Asian stock markets were broadly higher early Thursday, tracking overnight gains on Wall Street, with the Dow Jones Industrial Average closing above 20,000 points for the first time ever.
The post-election equities rally in the U.S. has been spurred by hopes of fiscal spending, tax cuts and regulation rollback under the administration of President Donald Trump.
Investors are upbeat that those expectations will soon be realized, given the speed with which Trump has been making executive orders just days into his administration, helping drive gains this week in the U.S.
“He has started to move…He has started to take action,” said Margaret Yang, an analyst at CMC Markets.
On Wednesday, the Dow gained 155 points, or 0.8%, to 20,068, while the S&P 500 added 0.8% and the Nasdaq Composite climbed 1%. For Thursday, the market will be on the lookout for a slew of U.S. data, ranging from jobless claims to new home sales.
“There is more confidence in the U.S…The question is whether [Donald Trump’s] protectionism is going to undermine that,” said Andrew Sullivan, managing director of sales trading at Haitong International Securities.
In Asia, participants in several large markets are closing out positions ahead of the Lunar New Year holiday, said Sullivan, with trading volumes down for the day. “They don’t want to be exposed until China comes back,” he said.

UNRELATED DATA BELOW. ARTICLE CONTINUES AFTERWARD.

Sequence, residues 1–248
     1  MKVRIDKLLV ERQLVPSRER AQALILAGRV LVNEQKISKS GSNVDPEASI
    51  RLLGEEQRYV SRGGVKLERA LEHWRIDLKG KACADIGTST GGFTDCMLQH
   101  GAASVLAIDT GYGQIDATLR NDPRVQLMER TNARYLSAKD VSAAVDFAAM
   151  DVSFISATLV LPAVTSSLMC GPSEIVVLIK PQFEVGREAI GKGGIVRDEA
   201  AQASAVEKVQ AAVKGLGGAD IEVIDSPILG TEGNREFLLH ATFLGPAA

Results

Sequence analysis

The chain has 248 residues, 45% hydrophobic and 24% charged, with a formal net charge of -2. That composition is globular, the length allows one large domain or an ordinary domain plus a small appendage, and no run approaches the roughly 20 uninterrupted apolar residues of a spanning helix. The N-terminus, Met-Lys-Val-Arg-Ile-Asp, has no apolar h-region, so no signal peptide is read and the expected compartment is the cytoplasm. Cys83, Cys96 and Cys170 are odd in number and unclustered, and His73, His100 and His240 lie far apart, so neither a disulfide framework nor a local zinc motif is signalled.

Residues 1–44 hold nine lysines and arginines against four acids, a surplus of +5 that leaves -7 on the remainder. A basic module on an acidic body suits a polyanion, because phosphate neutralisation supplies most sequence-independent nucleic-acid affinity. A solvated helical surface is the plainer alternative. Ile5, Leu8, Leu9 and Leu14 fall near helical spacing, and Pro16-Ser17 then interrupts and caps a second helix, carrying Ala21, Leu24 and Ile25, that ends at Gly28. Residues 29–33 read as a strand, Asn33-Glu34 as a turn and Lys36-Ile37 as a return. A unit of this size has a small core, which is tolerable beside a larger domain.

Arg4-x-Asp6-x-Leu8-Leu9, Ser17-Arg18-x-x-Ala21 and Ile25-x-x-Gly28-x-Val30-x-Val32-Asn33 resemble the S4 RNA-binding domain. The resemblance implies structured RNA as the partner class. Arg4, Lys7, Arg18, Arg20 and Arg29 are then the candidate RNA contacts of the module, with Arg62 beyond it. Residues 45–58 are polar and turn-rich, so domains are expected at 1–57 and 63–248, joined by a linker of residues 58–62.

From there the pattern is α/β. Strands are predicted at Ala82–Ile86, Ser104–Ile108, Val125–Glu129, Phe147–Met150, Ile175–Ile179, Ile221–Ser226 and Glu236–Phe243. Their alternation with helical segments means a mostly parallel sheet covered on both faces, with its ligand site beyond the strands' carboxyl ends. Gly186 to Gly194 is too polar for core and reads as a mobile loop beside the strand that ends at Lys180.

Markets in China, South Korea, Taiwan, and Vietnam will be closed on Friday, with China closed through next Thursday.
Meanwhile, Thursday’s stock gains in Asia were being driven by brokerage stocks. In Japan, Nomura Holdings 8604, +4.54% was up 4.6% and Daiwa Securities Group 8601, +3.79% was 3.8% higher. In Hong Kong, U.K. banking giant HSBC Holdings 0005, +1.83% was last up 1.8%.
In currencies, the New Zealand dollar rose markedly against the U.S. unit after data showed that the country’s inflation rose more than expected in the fourth quarter.
Consumer prices gained 0.4% in the fourth quarter and by 1.3% for the year, Statistics New Zealand said Thursday. Economists had expected consumer prices to rise 0.3% in the last three months of the year and by 1.2% over the year.
The New Zealand dollar rose to US$ 0.7300 from just below US$ 0.7270 before the report. In equities, the New Zealand NZX-50 index NZ50GR, +0.30% was up 0.3%.